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From bestselling author Ross King, a brilliant portrait of the legendary artist and the story of his most memorable achievement. Claude Monet is perhaps the world's most beloved artist, and among all his creations, the paintings of the water lilies in his garden at Giverny are most famous. Monet intended the water lilies to provide "an asylum of peaceful meditation." Yet, as Ross King reveals in his magisterial chronicle of both artist and masterpiece, these beautiful canvases belie the intense frustration Monet experienced in trying to capture the fugitive effects of light, water, and color. They also reflect the terrible personal torments Monet suffered in the last dozen years of his life. Mad Enchantment tells the full story behind the creation of the Water Lilies, as the horrors of World War I came ever closer to Paris and Giverny and a new generation of younger artists, led by Henri Matisse and Pablo Picasso, were challenging the achievements of Impressionism. By early 1914, French newspapers were reporting that Monet, by then seventy-three, had retired his brushes. He had lost his beloved wife, Alice, and his eldest son, Jean. His famously acute vision--what Paul Cezanne called "the most prodigious eye in the history of painting†?--was threatened by cataracts. And yet, despite ill health, self-doubt, and advancing age, Monet began painting again on a more ambitious scale than ever before. Linking great artistic achievement to the personal and historical dramas unfolding around it, Ross King presents the most intimate and revealing portrait of an iconic figure in world culture.

Turner


Author: Michael Bockemühl,Joseph Mallord William Turner
Publisher: Taschen
ISBN: 9783822863251
Category: Art
Page: 96
View: 1290
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As a blind person might see the world if the gift of sight were suddenly returned - this is how we might describe the effect of William Turner's paintings on the observer. This book demonstrates that he was not simply illustrating nature, but that his pictures speak directly to the eye as nature does itself - through a world of light and colour.

Van Gogh's Ear


Author: Bernadette Murphy
Publisher: Farrar, Straus and Giroux
ISBN: 0374716021
Category: Art
Page: 336
View: 6984
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The best-known and most sensational event in Vincent van Gogh’s life is also the least understood. For more than a century, biographers and historians seeking definitive facts about what happened on a December night in Arles have unearthed more questions than answers. Why would an artist at the height of his powers commit such a brutal act? Who was the mysterious “Rachel” to whom he presented his macabre gift? Did he use a razor or a knife? Was it just a segment—or did Van Gogh really lop off his entire ear? In Van Gogh’s Ear, Bernadette Murphy reveals, for the first time, the true story of this long-misunderstood incident, sweeping away decades of myth and giving us a glimpse of a troubled but brilliant artist at his breaking point. Murphy’s detective work takes her from Europe to the United States and back, from the holdings of major museums to the moldering contents of forgotten archives. She braids together her own thrilling journey of discovery with a narrative of Van Gogh’s life in Arles, the sleepy Provençal town where he created his finest work, and vividly reconstructs the world in which he moved—the madams and prostitutes, café patrons and police inspectors, shepherds and bohemian artists. We encounter Van Gogh’s brother and benefactor Theo, his guest and fellow painter Paul Gauguin, and many local subjects of Van Gogh’s paintings, some of whom Murphy identifies for the first time. Strikingly, Murphy uncovers previously unknown information about “Rachel”—and uses it to propose a bold new hypothesis about what was occurring in Van Gogh’s heart and mind as he made a mysterious delivery to her doorstep. As it reopens one of art history’s most famous cold cases, Van Gogh’s Ear becomes a fascinating work of detection. It is also a study of a painter creating his most iconic and revolutionary work, pushing himself ever closer to greatness even as he edged toward madness—and one fateful sweep of the blade that would resonate through the ages.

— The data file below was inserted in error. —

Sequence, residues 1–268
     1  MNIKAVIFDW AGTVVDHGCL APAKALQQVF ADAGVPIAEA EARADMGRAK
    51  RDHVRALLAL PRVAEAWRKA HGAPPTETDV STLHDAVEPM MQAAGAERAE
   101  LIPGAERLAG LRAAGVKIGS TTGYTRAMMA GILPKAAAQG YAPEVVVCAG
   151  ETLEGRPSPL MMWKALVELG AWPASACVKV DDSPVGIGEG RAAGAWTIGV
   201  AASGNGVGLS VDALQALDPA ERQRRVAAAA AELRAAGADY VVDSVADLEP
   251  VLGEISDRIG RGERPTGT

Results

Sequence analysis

Turner - A Life


Author: James Hamilton
Publisher: Sceptre
ISBN: 1444795155
Category: Biography & Autobiography
Page: 384
View: 1627
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The definitive biography of Turner and a major source of inspiration for the acclaimed film Mr Turner, directed by Mike Leigh. 'With splendid clarity and shrewd humour, James Hamilton evokes the visceral world of a great artist and a fascinating character.' MIKE LEIGH J.M.W Turner exhibited his work proudly but was correspondingly reticent about his private life. In 1799, aged 24, he became an Associate of the Royal Academy at the youngest possible age. While influential collectors competed to buy his paintings, Turner travelled widely, observing landscape and people, and collecting material for a cycle of images that would come to express the collective identity of Britain. In this lucid blend of vibrant biography and acute art history, James Hamilton introduces Turner to a new generation of readers and paints a picture of a uniquely generous human being, a giant of the nineteenth century and a beacon for the twenty-first.